Editor's note: A version of this was previously published on the author's website.
Until the early 1920s when the astronomer Edwin Hubble proved that the neighboring great galaxy in Andromeda is actually a separate galaxy, our Milky Way was the universe — or so almost everybody thought. What we now know as galaxies were believed by some scientists to be structures like nebulas, gas clouds such as the Orion Nebula. One of the better guesses about the universe's (our galaxy's) size was 300,000 light-years across.
But in 1923, making and examining glass negative photos at the Mount Wilson observatory in California, Hubble detected a variable star in the Andromeda "spiral nebula" — a Cepheid variable, a variety of known size and luminosity that dims and brightens over a predictable period. By the end of the next year, he had found 36 variable stars in Andromeda, 12 proving to be Cepheids.
Scientists had been able to work out the distance to Cepheid variable stars near Earth by using a spectroscopic method, according to Earth-Sky.org. Then, with a star's known magnitude as a marker, the distance to a Cepheid in the way-beyond could be figured — the fainter, the farther away. Using the luminosity of the Andromeda galaxy's Cepheids, Hubble calculated its distance as 900,000 light-years. (Modern measurements place it at 2.4 million light-years.) Undeniably, Andromeda was an "island universe" separate from our own, with all the nebulas, planets, millions of stars and other accouterments of a well-dressed galaxy. Therefore, many of the other supposed nebulas also were galaxies
Since the early 1920s, our understanding of the universe has expanded to include billions of galaxies, some of them billions of light-years away.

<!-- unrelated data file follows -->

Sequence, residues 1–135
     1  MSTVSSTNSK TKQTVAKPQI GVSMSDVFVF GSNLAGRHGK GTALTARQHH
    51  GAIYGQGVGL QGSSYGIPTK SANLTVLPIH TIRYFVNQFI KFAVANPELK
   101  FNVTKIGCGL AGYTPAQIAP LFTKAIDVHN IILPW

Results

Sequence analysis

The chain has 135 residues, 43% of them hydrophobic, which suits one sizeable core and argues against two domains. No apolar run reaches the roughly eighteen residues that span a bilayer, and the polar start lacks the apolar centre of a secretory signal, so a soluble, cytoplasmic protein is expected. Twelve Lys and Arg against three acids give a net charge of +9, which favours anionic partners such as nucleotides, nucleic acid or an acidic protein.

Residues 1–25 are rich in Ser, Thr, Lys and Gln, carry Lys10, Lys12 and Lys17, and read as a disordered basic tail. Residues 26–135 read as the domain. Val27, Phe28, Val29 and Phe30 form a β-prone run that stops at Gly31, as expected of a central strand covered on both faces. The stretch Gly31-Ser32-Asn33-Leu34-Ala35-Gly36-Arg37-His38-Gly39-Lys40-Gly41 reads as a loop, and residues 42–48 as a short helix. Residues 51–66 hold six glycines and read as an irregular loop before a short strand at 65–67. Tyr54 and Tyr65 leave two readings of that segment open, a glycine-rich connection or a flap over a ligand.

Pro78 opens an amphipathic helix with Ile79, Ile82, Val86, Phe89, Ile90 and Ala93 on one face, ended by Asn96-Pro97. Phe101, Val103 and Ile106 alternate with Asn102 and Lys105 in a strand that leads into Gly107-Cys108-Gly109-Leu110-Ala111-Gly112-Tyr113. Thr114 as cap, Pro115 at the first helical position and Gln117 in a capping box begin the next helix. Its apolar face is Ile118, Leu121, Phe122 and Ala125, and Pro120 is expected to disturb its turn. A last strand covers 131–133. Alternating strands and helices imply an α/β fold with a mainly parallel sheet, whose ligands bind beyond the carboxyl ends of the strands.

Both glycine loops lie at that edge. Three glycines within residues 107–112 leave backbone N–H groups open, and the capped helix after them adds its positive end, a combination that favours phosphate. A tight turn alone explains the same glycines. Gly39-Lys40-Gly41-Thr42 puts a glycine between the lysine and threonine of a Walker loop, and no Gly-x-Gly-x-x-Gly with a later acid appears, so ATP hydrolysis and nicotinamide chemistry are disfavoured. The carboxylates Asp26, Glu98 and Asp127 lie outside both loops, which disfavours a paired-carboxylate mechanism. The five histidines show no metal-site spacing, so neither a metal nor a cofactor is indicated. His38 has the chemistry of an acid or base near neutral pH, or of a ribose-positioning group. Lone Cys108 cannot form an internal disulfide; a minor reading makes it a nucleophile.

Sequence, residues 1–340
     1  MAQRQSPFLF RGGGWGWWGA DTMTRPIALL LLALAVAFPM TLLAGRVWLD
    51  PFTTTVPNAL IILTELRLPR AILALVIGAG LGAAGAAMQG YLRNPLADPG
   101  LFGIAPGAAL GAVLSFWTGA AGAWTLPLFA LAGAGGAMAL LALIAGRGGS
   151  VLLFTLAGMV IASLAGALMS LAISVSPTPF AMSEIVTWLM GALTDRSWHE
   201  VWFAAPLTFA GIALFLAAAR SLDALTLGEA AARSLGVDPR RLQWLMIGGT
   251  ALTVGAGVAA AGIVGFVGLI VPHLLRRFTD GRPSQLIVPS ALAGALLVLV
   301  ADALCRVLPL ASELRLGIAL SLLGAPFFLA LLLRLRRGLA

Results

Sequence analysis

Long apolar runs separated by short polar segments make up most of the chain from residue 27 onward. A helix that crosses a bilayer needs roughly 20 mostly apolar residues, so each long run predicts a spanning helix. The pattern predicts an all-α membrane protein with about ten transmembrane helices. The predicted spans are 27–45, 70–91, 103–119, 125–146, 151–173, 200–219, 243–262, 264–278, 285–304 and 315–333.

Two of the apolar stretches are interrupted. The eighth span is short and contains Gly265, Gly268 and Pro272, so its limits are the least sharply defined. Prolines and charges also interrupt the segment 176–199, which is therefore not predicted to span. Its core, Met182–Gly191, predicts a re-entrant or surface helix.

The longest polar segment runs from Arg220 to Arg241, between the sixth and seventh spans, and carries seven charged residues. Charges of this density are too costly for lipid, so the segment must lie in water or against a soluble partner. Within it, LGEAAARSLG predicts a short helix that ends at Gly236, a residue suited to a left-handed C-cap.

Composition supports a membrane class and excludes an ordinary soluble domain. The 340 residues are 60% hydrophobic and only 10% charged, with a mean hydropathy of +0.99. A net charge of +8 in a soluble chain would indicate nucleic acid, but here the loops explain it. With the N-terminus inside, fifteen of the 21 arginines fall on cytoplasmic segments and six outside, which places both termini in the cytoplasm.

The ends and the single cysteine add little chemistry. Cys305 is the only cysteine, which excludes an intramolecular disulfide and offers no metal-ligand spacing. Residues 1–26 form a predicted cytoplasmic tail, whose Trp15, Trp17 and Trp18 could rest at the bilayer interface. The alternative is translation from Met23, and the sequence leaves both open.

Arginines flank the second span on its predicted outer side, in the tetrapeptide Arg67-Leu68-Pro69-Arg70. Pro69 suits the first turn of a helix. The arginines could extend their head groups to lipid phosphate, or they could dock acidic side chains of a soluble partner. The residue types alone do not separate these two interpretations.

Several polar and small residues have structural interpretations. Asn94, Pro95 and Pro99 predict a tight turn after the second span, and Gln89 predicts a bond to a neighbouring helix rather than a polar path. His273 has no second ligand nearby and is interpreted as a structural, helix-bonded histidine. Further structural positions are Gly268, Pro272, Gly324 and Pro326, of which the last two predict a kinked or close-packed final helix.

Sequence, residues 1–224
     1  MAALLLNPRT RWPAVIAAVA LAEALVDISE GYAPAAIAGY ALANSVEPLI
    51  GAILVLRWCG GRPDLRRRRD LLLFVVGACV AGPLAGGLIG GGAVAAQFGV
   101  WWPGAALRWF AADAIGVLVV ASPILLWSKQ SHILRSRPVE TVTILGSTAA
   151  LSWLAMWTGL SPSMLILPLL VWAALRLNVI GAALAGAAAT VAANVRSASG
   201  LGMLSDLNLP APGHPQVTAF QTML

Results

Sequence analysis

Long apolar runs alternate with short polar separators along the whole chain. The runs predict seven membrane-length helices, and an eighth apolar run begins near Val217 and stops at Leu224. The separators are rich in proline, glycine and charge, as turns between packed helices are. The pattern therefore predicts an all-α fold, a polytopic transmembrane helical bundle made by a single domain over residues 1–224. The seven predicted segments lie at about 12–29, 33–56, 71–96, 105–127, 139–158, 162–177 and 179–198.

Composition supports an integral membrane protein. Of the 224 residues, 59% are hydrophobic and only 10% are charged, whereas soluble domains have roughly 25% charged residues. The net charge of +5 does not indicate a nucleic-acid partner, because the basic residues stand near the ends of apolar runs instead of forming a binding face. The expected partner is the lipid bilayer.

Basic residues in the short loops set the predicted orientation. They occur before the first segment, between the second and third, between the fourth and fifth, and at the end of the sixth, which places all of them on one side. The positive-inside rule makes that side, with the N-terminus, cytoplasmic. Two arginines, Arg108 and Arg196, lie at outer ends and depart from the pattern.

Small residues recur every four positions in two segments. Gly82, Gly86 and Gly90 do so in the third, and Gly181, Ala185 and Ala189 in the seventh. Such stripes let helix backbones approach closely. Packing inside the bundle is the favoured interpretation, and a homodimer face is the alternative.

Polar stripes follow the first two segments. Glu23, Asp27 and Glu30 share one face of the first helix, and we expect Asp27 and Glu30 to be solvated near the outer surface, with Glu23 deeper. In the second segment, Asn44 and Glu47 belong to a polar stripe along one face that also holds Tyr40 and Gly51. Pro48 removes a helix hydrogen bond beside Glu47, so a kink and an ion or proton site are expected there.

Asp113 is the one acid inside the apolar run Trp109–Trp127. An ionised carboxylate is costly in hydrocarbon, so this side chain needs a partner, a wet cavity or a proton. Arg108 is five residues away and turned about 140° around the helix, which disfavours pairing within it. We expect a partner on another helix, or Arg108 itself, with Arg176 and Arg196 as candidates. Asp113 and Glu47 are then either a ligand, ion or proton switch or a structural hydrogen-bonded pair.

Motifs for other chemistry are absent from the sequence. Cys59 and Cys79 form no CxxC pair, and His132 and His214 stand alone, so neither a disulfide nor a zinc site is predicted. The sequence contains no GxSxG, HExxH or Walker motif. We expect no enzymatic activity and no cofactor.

Once the nature of galaxies was determined, it became clear that most are members of galaxy clusters.
"Galaxies can swarm together to form groups and clusters of galaxies held together by their mutual galaxy," write Harvard University experts with NASA's Chandra X-Ray observatory. "X-ray observations show that these enormous systems of galaxies are filled with colossal clouds of hot gas. These clouds have temperatures as high as a hundred million degrees and contain as much mass as all the stars in the galaxies in the cluster."
NASA points out that about three-quarters of all galaxies may belong to clusters. Clusters may number "from afew to a few thousand galaxies bunched together and moving around within their combined gravitational field," notes the University of Turku, Finland.
Some galaxy clusters are visible through small telescopes; our own Milky Way is part of the Local Group of galaxies, about 30 island universes that include the Andromeda Galaxy (M31); Andromeda's satellite galaxies M110 and M32; and the Triangulum Galaxy, M33. Andromeda is the closest, while M33 is about 3 million light-years away.
In addition, clusters of galaxies can belong to what is termed superclusters, which are groupings of galaxy clusters that are somewhat adjacent "but not necessarily gravitationally bound," the Harvard site explains.
"It is the proximity of some 50 nearby small groups of galaxies to the Virgo cluster that suggests that they all form an enormous flattened cluster of clusters; we call it the Local Supercluster," says a NASA site. Exceeding these monstrously big structures are what are known as "walls" of galaxies, which are streams of clusters and superclusters.
The largest known, called the BOSS Great Wall (BOSS stands for the Baryon Oscillation Spectroscopic Survey, a project that discovered the object), is close to 6.5 billion light-years away and contains 830 galaxies, according to a 2016 research letter published in the journal Astronomy & Astrophysics. One of the authors of the paper, "Discovery of a massive supercluster system at Z ∼ 0.47," is Antonio D. Montero-Dorta, who at the time was with the University of Utah Department of Physics and Astronomy in Salt Lake City.
A favorite with amateur astronomers is a galaxy collection that isn't a cluster. Dubbed the Deer Lick Group, it only looks like a cluster because its line of sight from Earth encompasses several galaxies. It contains one relatively close galaxy and a few that are much farther away.